Chamois | The chamois is a large sized mountain goat, native to the European mountains. Today, the range of the chamois includes Romania, Italy, Switzerland, Austria and parts of Turkey. The chamois has also been introduced to the mountainous regions of New Zealand's South Island. The chamois is a member of the Bovidae family of animals which includes sheep goats and even antelope. The average sized adult chamois stands at around 75cm high and weighs roughly 50 kg. The chamois is a relatively stocky looking animal, especially when compared to the average farm yard goat.
The chamois has short horns, that curve backwards on both the male chamois and the female chamois. The fur of the chamois is thick to keep it warm in the alpine winters, and turns from a deep brown colour in the summer to a grey colour in the winter. The chamois also has a white coloured face with black markings below the eyes. The chamois has a black stripe that runs along it's back from neck to rump. The male chamois is generally a very solitary animal, as the male chamois spends most of the year grazing alone and meets with female chamois during the mating season. The female chamois however, live in herds with other females and their young. This safety in numbers approach helps the female chamois and the offspring to protect one another.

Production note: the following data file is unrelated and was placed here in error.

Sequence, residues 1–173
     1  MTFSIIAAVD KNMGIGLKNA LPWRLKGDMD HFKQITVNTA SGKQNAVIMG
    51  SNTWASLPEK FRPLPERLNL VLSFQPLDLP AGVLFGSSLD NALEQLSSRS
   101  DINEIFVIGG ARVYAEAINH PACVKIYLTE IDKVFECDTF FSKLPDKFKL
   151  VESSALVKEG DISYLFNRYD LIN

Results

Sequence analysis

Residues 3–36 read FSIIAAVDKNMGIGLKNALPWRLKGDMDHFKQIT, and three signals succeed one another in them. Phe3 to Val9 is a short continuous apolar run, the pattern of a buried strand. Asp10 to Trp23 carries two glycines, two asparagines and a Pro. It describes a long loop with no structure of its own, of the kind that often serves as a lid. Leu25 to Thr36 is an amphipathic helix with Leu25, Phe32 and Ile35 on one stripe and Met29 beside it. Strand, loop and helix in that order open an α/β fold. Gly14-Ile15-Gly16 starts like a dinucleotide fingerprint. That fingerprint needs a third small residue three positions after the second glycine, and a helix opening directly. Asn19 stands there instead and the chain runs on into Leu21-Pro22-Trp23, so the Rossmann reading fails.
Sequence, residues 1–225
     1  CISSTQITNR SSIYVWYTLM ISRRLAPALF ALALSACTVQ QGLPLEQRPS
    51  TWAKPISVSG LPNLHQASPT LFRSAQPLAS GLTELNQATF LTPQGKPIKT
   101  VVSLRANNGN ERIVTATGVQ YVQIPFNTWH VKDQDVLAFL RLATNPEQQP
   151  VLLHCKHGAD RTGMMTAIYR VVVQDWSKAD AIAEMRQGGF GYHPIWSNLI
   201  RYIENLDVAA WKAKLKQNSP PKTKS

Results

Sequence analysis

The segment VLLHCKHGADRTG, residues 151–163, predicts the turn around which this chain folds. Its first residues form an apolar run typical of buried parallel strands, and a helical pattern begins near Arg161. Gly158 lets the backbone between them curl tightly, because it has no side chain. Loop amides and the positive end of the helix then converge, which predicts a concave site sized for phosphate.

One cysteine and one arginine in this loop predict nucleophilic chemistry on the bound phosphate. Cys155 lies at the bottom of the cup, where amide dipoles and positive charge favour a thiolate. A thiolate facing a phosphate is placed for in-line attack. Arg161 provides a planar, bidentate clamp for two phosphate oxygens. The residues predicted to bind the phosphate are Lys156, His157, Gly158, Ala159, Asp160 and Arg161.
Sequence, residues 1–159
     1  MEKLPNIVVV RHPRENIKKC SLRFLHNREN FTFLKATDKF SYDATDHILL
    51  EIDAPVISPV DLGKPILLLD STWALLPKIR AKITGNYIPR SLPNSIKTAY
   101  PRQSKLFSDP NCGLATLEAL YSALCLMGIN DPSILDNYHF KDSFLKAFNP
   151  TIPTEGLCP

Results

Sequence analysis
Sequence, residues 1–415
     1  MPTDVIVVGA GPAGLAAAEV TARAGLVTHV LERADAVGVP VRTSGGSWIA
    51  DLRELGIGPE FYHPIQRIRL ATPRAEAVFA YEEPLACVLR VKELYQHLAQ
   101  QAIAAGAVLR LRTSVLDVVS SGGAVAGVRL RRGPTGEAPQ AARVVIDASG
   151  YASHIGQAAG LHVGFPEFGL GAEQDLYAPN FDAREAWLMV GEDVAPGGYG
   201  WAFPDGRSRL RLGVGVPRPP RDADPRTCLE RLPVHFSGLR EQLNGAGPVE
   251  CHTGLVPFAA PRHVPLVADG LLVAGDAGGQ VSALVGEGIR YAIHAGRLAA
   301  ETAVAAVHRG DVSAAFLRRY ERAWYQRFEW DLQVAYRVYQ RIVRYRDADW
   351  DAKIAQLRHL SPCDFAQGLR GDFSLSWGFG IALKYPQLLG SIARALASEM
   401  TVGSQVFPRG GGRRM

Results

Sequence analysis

As with other animals of the same group, such as sheep and goats, the chamois is a herbivorous animal feeding on a purely plant based diet. The chamois spends it time grazing on the alpine meadows and munching leaves from the shrubs and bushes. In it's natural European habitat, the chamois has a number of predators including wolves, foxes and wildcats. Over the years, the human has been one of the biggest predators of the chamois as they are hunted for their meat. Before human settlers moved into the European mountains, the chamois would have also had much larger predators such as bears and leopards but both are nearly (if not) extinct in Europe today. There are no natural predators of the chamois in it's introduced environment in New Zealand.
The mating season of the chamois occurs in the late winter to early spring. After a gestation period of between 5 and 6 months, the female chamois will give birth to a single chamois baby known as a chamois calf. Although the chamois has been known to give birth to twins, it is very rare. The mother chamois nurses her calf, feeding it milk until it is able to graze. The chamois calf is more independent at 6 months of age but the chamois calf tends to stay with it's mother until it is at least a year old. Generally, the chamois lives to between 18 and 22 years.
Despite the fact that the chamois is not considered to be an endangered animal, or even an animal that is under threat from extinction, European laws prohibits the hunting of the chamois in order to try and conserve native mountainous animal species.